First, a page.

Drewnowski offers grazing alternatives to paying high grass prices
With spring rapidly approaching, producers may want to consider planting some annual forages to provide their cattle with additional grazing this year.
“Some producers choose to add an annual forage to their production system when pasture rent is too high or they want to expand and can’t find more pasture,” according to Mary Drewnowski, University of Nebraska Extension specialist. “They may find that it doesn’t pencil out to plant corn, so instead, they may plant an annual forage this year and go back to their crop rotation when corn prices are better.”
Pasture rent in Nebraska is becoming a hard pill to swallow for cattlemen. In central and southern Nebraska, producers are paying $50 to $60 per pair per month, which is $1.60 to two dollars per pair per day.
“That is quite expensive when we compare it to other sources of the same nutrients,” she says.
Chad Engle, livestock operations manager at U.S. Meat Animal Research Center (USMARC), tells producers about different annual mixtures they have tried at the station. They have grazed pairs on triticale in muddy, wet conditions, and he still figured they received 1.34 animal unit months (AUMs) of grazing. They have grazed an oat-radish-turnip mixture with pregnant spring cows and seen 2.2 AUMS.
“It was three to four inches tall when we turned into it, but it continued to grow,” he notes.
“We use annual forage fields as a transition to go to something else, like perennial pasture or corn residue,” Engle tells producers. “In the end, most everything we have tried was still cheaper than pasture rent.”
“One word of caution, if we are planting annuals on irrigated ground, it may be hard to justify to a banker,” he says.
Planting annual forages is one way producers can provide their cattle with high-quality forage, at less cost, depending on which mixture they choose. Drewnowski encourages them to choose carefully, depending upon when they want to graze.
“Winter sensitive varieties will die over the winter,” she says. “They can be planted in the fall and will produce more forage in the fall than the winter hearty varieties planted at the same time.”
“The winter-hardy varieties will overwinter,” she explains.
Winter sensitive varieties have two planting dates, March through April or in September. Winter-hardy varieties can be planted in the fall as early as August, but September may be better.
Oats are still the best choice for a winter-sensitive, cool-season forage, according to Drewnowski. But, spring triticale and spring barley can also be good alternatives.
Annual ryegrass can also be planted to help maintain annual forage quality into the later part of the season.
“If we plant a winter sensitive species in mid-March or early April, we could graze it into June, but it could get away from us in terms of forage quality. Adding an annual ryegrass or spring barley will help maintain quality,” she explains.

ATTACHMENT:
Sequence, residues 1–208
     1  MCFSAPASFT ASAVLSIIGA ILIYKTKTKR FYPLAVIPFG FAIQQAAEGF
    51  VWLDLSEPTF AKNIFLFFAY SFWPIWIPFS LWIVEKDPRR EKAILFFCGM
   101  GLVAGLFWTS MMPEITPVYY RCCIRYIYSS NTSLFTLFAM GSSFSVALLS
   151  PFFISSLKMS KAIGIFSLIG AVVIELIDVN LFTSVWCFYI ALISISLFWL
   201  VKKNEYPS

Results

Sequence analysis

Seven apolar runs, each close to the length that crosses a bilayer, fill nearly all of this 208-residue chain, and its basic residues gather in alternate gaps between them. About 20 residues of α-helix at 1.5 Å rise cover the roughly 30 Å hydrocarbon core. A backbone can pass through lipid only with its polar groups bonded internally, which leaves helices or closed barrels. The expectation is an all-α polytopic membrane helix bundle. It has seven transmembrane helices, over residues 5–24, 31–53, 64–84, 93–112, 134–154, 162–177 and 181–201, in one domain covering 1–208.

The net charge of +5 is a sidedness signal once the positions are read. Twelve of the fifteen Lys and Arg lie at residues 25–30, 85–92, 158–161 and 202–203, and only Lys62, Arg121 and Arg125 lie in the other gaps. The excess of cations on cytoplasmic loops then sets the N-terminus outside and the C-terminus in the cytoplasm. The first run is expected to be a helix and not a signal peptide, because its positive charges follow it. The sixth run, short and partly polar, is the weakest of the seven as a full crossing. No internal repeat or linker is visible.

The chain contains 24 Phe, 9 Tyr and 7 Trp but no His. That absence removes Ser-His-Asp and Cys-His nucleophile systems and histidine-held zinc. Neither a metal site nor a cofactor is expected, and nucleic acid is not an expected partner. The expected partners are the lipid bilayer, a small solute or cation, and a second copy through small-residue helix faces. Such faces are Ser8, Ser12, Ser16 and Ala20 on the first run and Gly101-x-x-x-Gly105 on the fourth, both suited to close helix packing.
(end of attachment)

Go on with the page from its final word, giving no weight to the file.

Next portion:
Drewnowski urges producers to keep in mind that annual forages are a crop risk, and they should have extra feed on hand in case the crop doesn’t establish.
“Anytime we are trying to establish something, there is a real opportunity for it to fail,” she says. “I would have some hay stockpiled to avoid wrecks. Some people even have an extra field they plan to hay but can graze if they have to.”
“Producers shouldn’t put themselves in a situation where they have a crop failure and realize that they have no feed for the cows,” Drewnowski comments. “Annuals are not like perennial grasses.”
Planting and harvest
Drewnowski recommends planting warm season species May 1 through August 1.
“The earlier you plant, the earlier we can graze,” she explains. “I would recommend planting cool season varieties after Aug. 1, but if we intend to plant July 15, I would decide whether to plant a warm-season or cool-season variety based on quality.”
“If we need yield but not high quality, I would plant warm season. If we need high quality for lactating cows or weaned calves, I would plant cool-season varieties,” she says.
Harvest efficiency is extremely important, the Extension specialist says.
“Fall forages don’t decline in quality with maturity like spring or summer forages. I would try and get all the yield I could and allocate grazing,” she explains.
Grazing is not as efficient as haying, but it is more cost-effective, she continues. How cost-effective it is depends on how well grazing is managed.
“The first key to grazing management is starting at the right height and not letting it get away from us,” Drewnowski claims.
Small cereal grains like oats, rye and triticale should be six to eight inches in height when they are grazed.
“For rye, we may need to put cattle on it when it is four inches, depending on stocking rate. It can get away from us quickly,” she adds.
Drewnowski cautions producers who plan to graze varieties like Sudangrass and other warm-season grasses to wait until they are 18 inches tall if they could have prussic acid or nitrates.
“They need to be managed carefully,” she warns.
Gayle Smith is a correspondent for the Wyoming Livestock Roundup. Send comments on this article to firstname.lastname@example.org.